Climate finance receives keen attention in Habitat III funding talks

Last week, a key series of discussions on financing sustainable urban development included multiple sessions on the issue.

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MEXICO CITY — On Friday, on the last day of a major meeting here on paying for future sustainable urban development, news came on an issue that could be a key part of those financing strategies: climate finance.

The meeting here in Mexico City, which took place over three days last week, was being held in the run-up to the Habitat III conference, the U. N.’s once-every-20-years event aimed to setting global urbanization strategy. Yet the news on climate finance was coming out of South Korea, where the board of a new entity called the Green Climate Fund was meeting and announced that the fund would be making available USD 1.5 billion for projects for 2016.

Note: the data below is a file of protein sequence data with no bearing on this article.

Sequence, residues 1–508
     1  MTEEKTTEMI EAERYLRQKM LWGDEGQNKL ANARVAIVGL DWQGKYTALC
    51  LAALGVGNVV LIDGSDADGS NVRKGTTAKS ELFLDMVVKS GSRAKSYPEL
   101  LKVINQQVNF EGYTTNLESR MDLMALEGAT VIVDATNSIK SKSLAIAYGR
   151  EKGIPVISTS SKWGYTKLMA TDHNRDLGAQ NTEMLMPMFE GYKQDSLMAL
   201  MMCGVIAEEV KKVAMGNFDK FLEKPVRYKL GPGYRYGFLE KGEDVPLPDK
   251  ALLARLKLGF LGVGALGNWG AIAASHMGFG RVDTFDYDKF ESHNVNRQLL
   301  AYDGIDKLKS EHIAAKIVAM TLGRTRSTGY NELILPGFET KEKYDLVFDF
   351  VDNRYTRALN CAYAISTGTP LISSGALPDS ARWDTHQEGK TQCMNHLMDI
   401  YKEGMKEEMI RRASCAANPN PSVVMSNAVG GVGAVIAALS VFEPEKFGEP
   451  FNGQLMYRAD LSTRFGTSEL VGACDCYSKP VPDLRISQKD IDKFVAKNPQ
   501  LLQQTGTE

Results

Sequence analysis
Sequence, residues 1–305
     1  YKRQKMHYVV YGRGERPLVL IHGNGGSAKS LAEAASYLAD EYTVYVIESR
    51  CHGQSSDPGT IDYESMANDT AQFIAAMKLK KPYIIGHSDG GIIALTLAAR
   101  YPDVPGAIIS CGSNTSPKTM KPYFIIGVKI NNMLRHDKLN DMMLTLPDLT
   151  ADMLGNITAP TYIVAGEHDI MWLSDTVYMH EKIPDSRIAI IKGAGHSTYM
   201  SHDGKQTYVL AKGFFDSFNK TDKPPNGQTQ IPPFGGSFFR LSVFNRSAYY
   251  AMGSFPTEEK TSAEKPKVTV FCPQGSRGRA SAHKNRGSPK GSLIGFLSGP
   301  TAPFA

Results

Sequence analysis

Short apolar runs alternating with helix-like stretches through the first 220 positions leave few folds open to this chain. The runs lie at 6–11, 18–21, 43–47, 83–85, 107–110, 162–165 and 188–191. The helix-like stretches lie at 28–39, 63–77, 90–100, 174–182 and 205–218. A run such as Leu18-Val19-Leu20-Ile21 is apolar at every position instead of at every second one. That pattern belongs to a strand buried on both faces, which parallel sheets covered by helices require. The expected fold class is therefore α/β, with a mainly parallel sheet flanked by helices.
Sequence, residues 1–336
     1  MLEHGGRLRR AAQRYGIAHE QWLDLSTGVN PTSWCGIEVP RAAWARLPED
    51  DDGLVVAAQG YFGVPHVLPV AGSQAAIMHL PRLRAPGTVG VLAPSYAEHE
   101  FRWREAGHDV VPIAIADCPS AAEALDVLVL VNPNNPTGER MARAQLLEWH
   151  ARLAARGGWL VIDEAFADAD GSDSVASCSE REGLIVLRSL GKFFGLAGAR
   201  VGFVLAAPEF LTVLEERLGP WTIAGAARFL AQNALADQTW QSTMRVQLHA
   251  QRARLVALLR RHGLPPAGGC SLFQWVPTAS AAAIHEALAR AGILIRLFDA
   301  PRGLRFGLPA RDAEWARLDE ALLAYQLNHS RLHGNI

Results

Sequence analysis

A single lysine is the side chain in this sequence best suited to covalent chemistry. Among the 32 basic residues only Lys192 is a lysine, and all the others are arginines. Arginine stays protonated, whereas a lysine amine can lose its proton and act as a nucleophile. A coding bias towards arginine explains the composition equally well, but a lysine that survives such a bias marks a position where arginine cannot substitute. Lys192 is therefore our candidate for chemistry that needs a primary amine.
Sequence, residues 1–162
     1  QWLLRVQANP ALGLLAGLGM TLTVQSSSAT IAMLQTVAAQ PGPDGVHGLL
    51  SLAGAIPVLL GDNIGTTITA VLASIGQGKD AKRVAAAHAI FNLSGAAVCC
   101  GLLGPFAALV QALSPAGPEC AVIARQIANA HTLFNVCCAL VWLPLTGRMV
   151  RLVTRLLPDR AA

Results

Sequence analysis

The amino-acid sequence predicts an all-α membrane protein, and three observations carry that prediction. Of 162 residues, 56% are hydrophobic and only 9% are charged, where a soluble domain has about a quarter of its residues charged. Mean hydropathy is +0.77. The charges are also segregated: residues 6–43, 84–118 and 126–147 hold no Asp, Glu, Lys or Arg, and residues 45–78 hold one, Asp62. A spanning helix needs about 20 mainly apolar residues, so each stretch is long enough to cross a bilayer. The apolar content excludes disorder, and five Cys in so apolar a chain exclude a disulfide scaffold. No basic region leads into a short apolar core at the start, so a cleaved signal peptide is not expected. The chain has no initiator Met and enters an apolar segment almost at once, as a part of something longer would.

[See: Habitat III must make climate change a top priority]

The Green Climate Fund is meant to channel funding from developed countries to governments in developing countries in order to help them prepare for and mitigate the effects of climate change. As such, it is one of several initiatives that some are increasingly seeing as a potentially important funding stream for facilitating sustainable urban development in poorer countries.

The Green Climate Fund’s announcement didn’t mention cities or local governments. Still, it does open the door for those “subnational” entities to access some new money through their national administrations.

“Financing is critical. There is not enough money, but there are funds that can be used. For some cities, access to financing is not a matter of funding capacity but of knowing how to gain access to the money,” Ronan Dantec, a French legislator and the environment spokesman for United Cities and Local Governments, a global network, said in Mexico City.

[See: Who pays for what? Habitat III ‘finally’ turns to financing New Urban Agenda]